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The Puglia region is the hill of the Italian boot. Lots of good food and friendly folks. When I was young, my family used to drive to Gallipoli and camp there for a month. We had an RV and traveled around the coast and stopped at random camping locations throughout the area. I have really great memories of that time and I hoped that by baking something from that sunny land, I would feel the same Joie de vivre. I succeeded. I made this focaccia at least a dozen times since; I served it to my colleagues during a work dinner, to my friends at brunch and my parents at our Thanksgiving dinner.

Here is what you need (my adaptation to the original recipe):

4 Cups of flour
1 Package of yeast
1 1/2 Cups of warm water
3 Potatoes, cleaned and sliced
1 Tablespoon of salt
3 Tablespoons of rosemary
Rock salt to taste
Pepper to taste
Extra Virgin Olive Oil

Combine flour, salt, water and yeast in a bowl and let the mixture form a chewy and elastic dough. Let the dough rest in an oiled bowl for one hour, or until it has at least doubled in size. I like to coat the bowl with a thin layer of olive oil to avoid the dough to stick – trust me, it has happened. Not pretty. I usually place the bowl close to a source of heat – that way, the dough rises a little faster.

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While the dough rises, clean, peel and cut the potatoes. I like to use yellow gold potatoes, bu you can try using any other you prefer. Prepare a baking sheet with parchment paper for the dough.

Once the dough is nice and plump, roll it out onto the said backing sheet and flatten it. Tip: to help flatten it more evenly, I use a round tall glass as a rolling pin and shape the dough to the contour of the sheet.

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Now comes the fun part. With a pastry brush, coat the entire surface of the flattened dough with extra virgin olive oil. Add the potatoes by placing them in whatever arrangement see you fit. Be creative.

Once you are done, add pepper; sprinkle rock salt and rosemary. Let the decorated focaccia dough rest for one hour. In the meantime, pre-heat the oven at 450F.
Tip: I like to cover the dough with plastic wrap, so that nothing will disturb it (cats included).

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Once the dough has risen, place it in the oven and bake it at 450F for at least 30 minutes or until the sides are dark and the potatoes are thoroughly cooked. I like to add a bit of extra virgin olive oil to the finished product.

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Ta daaaa! The focaccia is ready to be cut and served. Francesco and I like to eat it with dinner or as a snack. Put the leftovers in the fridge. Enjoy!

It’s still snowing: Braised Beef with Polenta

It’s the end of March. It should not be snowing. Central Virginia was covered with a soft blanket of snow yesterday and as much as I love snow, snow days, snow cones, I cannot. take. it. anymore. I had all these plans of actually getting stuff done in the garden, which currently looks like an abandoned field with twigs and dead leaves everywhere. It’s a mess. I am embarrassed. I was supposed to fix that. But no, I had to postponed my plans until the weather clears up and warmth decides to pay us a visit.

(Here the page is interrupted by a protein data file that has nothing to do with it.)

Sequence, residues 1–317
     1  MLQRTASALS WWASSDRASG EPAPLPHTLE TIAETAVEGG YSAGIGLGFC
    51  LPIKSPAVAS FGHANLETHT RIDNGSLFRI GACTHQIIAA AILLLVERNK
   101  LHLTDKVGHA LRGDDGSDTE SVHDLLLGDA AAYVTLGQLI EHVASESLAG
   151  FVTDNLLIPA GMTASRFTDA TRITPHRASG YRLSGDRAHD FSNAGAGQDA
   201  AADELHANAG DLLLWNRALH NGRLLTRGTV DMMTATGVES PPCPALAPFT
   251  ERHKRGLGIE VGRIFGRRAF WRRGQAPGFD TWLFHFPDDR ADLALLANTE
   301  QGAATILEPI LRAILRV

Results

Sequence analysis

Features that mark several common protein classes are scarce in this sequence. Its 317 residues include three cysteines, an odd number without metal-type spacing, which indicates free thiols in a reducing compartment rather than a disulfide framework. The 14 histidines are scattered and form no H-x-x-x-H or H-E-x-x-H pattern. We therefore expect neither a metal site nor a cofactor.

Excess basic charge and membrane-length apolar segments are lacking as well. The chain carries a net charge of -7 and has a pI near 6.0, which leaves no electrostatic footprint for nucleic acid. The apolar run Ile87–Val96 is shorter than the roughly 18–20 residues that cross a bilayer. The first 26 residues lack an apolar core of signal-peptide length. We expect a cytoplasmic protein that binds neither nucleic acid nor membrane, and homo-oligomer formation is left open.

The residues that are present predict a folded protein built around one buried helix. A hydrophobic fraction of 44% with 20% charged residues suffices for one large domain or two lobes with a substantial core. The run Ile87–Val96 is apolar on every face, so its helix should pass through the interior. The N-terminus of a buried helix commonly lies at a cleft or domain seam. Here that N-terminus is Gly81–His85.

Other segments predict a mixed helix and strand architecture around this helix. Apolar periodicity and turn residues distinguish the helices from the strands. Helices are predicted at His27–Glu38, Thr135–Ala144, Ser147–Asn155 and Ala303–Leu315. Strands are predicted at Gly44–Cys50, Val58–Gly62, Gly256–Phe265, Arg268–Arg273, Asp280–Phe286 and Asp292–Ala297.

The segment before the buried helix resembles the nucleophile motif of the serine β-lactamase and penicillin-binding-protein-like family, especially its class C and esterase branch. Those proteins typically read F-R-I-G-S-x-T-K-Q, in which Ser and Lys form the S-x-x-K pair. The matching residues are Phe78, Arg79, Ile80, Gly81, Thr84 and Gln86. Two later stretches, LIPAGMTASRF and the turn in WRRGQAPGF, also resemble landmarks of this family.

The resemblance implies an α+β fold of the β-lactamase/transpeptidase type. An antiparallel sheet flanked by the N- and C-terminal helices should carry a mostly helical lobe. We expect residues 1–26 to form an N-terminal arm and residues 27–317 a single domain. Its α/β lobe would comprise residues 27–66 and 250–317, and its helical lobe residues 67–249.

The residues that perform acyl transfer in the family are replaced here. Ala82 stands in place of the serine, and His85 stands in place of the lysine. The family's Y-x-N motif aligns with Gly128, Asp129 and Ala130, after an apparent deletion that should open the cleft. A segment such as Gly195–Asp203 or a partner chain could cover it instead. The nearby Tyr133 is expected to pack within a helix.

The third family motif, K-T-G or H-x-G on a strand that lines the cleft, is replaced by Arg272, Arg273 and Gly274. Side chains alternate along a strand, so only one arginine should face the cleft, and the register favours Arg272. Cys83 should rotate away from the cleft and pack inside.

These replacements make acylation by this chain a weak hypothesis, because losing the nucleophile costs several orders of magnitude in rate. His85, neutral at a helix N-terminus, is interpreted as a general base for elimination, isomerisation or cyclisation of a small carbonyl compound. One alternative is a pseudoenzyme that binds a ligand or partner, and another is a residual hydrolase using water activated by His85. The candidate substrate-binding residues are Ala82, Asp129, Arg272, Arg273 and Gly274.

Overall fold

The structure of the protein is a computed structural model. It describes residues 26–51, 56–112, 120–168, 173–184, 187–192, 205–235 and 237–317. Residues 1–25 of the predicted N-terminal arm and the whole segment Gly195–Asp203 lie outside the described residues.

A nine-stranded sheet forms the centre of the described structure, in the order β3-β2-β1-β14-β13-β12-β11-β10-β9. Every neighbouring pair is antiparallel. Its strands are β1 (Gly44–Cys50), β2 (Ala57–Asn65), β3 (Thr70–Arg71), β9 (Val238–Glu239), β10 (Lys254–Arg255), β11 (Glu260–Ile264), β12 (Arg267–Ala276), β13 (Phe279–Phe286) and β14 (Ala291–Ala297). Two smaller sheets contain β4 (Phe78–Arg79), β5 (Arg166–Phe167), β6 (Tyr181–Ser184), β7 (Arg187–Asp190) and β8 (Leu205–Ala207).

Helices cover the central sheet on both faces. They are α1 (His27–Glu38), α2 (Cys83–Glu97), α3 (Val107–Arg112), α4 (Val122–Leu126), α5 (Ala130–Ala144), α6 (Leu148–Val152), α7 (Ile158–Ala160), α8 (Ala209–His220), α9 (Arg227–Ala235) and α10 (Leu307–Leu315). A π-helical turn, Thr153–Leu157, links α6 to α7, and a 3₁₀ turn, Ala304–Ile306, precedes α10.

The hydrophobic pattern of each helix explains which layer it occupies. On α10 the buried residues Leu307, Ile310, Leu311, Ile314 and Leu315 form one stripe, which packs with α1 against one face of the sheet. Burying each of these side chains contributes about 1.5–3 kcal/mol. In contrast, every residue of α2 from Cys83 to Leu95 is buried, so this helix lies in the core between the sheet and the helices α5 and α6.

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But what do you do when you can’t go anywhere, when it’s cold and all you want to do is curl up in bed with a hot chocolate, surrounded by your kitty cats? (wow, that would have been awesome!) We cooked.
A few weeks ago, we bought two pieces of great-looking beef chuck roast with the intention of braising them in red wine. I found a delicious recipe (Emeril Lagasse) while browsing the web. I tweaked it, made it more to my taste, added a little, eliminated a few ingredients.

Beef Braised in red wine
(Recipe adapted from Emeril Lagasse, 2004)

2 pounds of beef chuck roast
4 carrots
3 stems of celery
2 cups of onion
3 cloves of garlic
2 Tablespoons of tomato paste
1 bottle of Nero d’Avola red wine
2 cups of chicken stock
Sage
Rosemary
Thyme
Extra Virgin Olive Oil
Salt & Pepper

We finally got to use our spanking new Le Creuset dutch oven – and that my friends, is reason enough to celebrate. But I digress. Coat the bottom of the dutch over with a thin layer of extra virgin olive oil. Turn on the heat and let it warm up. Add the beef (cut in small pieces) and let it brown on all sides. We didn’t season the meat before browning, because we added salt and pepper to the stew a little later. Once the beef is browned, remove it from the heat and keep it covered. To the beef fat in the dutch oven, add onions, celery and carrots, minced, and cook until tender (about 10 minutes). Add the garlic, minced as well, and cook it until brown.

Return the meat to the pot, add the chicken stock, the entire bottle of Nero d’Avola (gulp!), the tomato paste, the rosemary, sage and thyme. Season with salt and pepper – but don’t worry about the exact quantity. You will be able to taste the broth and balance out the seasoning once the cooking gets underway. Bring the stew to a boil, covered, and lower the heat to medium and cook for 3 hours.

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If after 3 hours the stew is too liquidy, uncover it and let it cook for 20 minutes, or until the sauce thickens. The result is a velvety and deeply flavorful sauce that coats the beef chucks completely. Serve immediately.

After tasting the braised beef, we felt invincible. We decided to make polenta as a side and the result was incredible. These two were almost meant to be served together. Soul and tummy were satisfied.

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What is your comfort food on cold and wintry nights? Drop me a line and share your traditions! Happy…SPRING!!